While writing, we are two thirds of the way through July and half way through show season. Showing is a subject that divides stock people, some live for their showing, others have absolutely no interest with a few venturing to suggest that the show circuit is a negative influence within the sheep sector.

I surmise that for the majority it is the showing, rather than the competition, the social aspects, opportunities to catch up with fellow breeders and an opportunity to show off one’s stock that are the key drivers, others are motivated by the desire (overwhelming in some) to win. I fall very firmly into the former category, only doing a couple of shows each year. But, I must admit that it is always nice to win a few rosettes, particularly those of the right colour, regarded generally as a bit of a bonus, not as the main reason for showing.

This year I regard myself as being most fortunate in winning breed champion, plus plenty of other red rosettes, at both the Kent and the South of England Shows and I do not mind admitting that I have thoroughly enjoyed the accolade. Showing our sheep has to me always been bit of a social occasion, a chance to catch up with like minded friends, it is also a shop window for our sheep and the breed, it is also, very importantly an opportunity to engage with members of the general public, who are after all our ultimate customers, regardless of what breed or quality of sheep we have. And it is something that I enjoy.

The widening chasm between producers and consumers, the negative, often poor and ill informed, media coverage of agriculture and livestock production in particular, steers a jaw dropping level of ignorance among the general public, and I do not mean this in an unpleasant way, after all we are all ignorant of things that we do not know, or have never been told and this must be a cause for concern. Any opportunities to inform and possibly dispel a few urban myths are always welcome; I find engaging with members of the public and knowing that they are going away with a better (even if only marginal), understanding of the sheep sector and where their food comes from just as satisfying as winning a rosette. Sadly there are plenty within the showing community who will only engage with visitors if they think that it may generate a sales opportunity, who spend most of the time in little cliques, closeted in the sheep lines, ignoring show visitors. It is however the general public who are the majority of the spectators around the show rings, their entry tickets sustain the show societies, and they facilitate the payment of prize money. They are our ultimate customers.

I must also admit to having a degree of empathy with those who do not like shows and even those who regard shows as a negative force within the sector. This may seem a little duplicitous, hypocritical even, but I do see where they are coming from and I do feel compelled on occasions to question my own motives for showing and more importantly whether or not I change my system to meet the requirements of showing. And I am pleased to say that in general I am happy with the former and only make marginal changes to suit the latter. I will spend a little bit of additional time and effort tidying up show sheep as much out of respect for the breed and the judge as anything else and, in general just before the show provide a bit of additional hard feed, as much to adjust them to show conditions as anything else; I do like to take sheep to a show feeling that they are a good and honest representation of the rest of the flock left at home. Obviously I will select what I think are the best that my flock has to offer, not selected to suit individual judges. and I will also not select on size alone, probably one of the main criticisms of showing. As judge I know that it can be rather easy to be, certainly on first impressions, to be influenced by size, particularly if you have a good big sheep in front of you, but an excellent, smaller sheep should and generally does beat, even the biggest, of good sheep. Critics of showing will often cite both too much emphasis on breed points that frequently have no significant commercial impact, as problems associated with showing. However, breed standard, including certain specified weight ranges, are important, they are the very essence of different sheep breeds, they are what separate one breed from another.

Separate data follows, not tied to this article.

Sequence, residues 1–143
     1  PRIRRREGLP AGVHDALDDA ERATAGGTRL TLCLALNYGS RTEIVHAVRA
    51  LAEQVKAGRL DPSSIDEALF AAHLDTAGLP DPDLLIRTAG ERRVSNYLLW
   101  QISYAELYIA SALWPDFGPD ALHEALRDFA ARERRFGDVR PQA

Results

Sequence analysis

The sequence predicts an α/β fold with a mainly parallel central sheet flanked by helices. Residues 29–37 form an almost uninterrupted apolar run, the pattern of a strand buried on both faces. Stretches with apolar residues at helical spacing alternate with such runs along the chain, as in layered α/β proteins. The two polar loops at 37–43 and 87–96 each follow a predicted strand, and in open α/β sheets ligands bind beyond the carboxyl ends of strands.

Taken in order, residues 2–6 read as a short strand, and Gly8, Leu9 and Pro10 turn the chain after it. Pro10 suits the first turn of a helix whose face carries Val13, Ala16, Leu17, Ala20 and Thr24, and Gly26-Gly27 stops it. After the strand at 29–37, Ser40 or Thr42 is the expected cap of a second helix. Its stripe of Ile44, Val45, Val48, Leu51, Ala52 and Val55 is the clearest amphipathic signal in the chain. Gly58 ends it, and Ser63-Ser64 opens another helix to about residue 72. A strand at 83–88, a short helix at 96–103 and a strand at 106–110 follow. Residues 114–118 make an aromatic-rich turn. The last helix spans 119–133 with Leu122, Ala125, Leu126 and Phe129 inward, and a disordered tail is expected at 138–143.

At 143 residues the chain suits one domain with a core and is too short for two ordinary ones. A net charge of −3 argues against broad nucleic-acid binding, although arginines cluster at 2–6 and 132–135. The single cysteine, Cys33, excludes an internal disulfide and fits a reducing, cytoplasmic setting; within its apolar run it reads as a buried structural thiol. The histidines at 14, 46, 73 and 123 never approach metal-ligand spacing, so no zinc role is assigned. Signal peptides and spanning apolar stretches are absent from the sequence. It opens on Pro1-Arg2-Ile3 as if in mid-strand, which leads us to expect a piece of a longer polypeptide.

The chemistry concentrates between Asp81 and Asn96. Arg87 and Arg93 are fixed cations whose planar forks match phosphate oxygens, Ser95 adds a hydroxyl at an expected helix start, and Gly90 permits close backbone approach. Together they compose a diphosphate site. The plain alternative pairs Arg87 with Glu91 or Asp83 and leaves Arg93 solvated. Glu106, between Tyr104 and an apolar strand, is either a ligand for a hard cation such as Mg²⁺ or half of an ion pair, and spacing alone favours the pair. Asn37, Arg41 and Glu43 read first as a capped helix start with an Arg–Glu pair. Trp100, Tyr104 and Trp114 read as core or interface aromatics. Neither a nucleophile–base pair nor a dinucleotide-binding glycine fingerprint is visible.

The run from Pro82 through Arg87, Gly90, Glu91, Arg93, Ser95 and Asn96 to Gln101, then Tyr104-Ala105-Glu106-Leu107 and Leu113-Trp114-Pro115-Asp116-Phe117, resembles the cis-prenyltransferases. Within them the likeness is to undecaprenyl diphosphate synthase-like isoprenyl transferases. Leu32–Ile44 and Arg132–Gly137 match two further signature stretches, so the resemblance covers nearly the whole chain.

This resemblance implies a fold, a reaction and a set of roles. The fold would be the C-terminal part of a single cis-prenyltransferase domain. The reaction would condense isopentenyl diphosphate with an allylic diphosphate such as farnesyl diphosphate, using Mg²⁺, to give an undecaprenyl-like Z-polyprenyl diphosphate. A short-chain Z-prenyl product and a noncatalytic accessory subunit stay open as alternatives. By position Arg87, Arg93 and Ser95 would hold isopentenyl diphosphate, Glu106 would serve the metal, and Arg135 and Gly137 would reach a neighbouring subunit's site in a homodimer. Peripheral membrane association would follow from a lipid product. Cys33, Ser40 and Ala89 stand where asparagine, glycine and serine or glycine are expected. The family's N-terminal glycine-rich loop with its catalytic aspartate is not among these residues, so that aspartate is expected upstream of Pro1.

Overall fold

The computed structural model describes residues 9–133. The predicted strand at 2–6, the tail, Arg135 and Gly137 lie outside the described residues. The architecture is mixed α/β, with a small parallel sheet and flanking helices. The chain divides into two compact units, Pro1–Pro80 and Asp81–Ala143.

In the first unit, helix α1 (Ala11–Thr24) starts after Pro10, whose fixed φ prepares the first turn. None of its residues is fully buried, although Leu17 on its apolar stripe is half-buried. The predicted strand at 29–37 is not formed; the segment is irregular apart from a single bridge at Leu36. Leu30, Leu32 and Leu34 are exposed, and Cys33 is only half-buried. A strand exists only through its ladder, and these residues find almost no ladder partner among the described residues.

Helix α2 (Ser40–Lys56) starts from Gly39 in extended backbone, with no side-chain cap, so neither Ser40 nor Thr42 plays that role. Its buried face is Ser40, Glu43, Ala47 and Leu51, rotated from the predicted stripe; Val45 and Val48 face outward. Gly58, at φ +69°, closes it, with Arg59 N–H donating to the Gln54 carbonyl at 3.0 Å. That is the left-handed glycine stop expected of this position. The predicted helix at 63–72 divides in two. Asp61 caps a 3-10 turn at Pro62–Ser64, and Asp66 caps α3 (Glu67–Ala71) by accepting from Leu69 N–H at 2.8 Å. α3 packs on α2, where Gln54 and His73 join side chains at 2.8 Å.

I do however agree that they should be interpreted with a degree of caution, with most emphasis being placed on those characteristics that have an impact on the performance and the essential nature of the breed. The first criteria in judging should always be that it is a good sheep, only then should breed points come into the equation. I recall last year judging Lleyn at a show in Yorkshire, and was subsequently a member of the panel to judge the supreme championship. Of the 18 individual breed champions forward three were completely wrong in the mouth, two continentals and one down breed, all rams; two of the three were senior rams which, presumably, had been used for breeding, with significant risk of passing the fault onto their progeny. Classic cases of breed points being put before good sheep, which simply adds fuel to the arguments of those critics of showing.

Showing should ultimately be about having fun, an opportunity to promote one’s own sheep and breed and having an occasion to present, for critique, excellent and honest examples of one’s own breed to other sheep breeders and to the general public. For those that show, enjoy your showing, but be honest and don’t take it too seriously, the show is more important than the competition; for those that don’t, still enjoy the show and support your fellow sheep producers.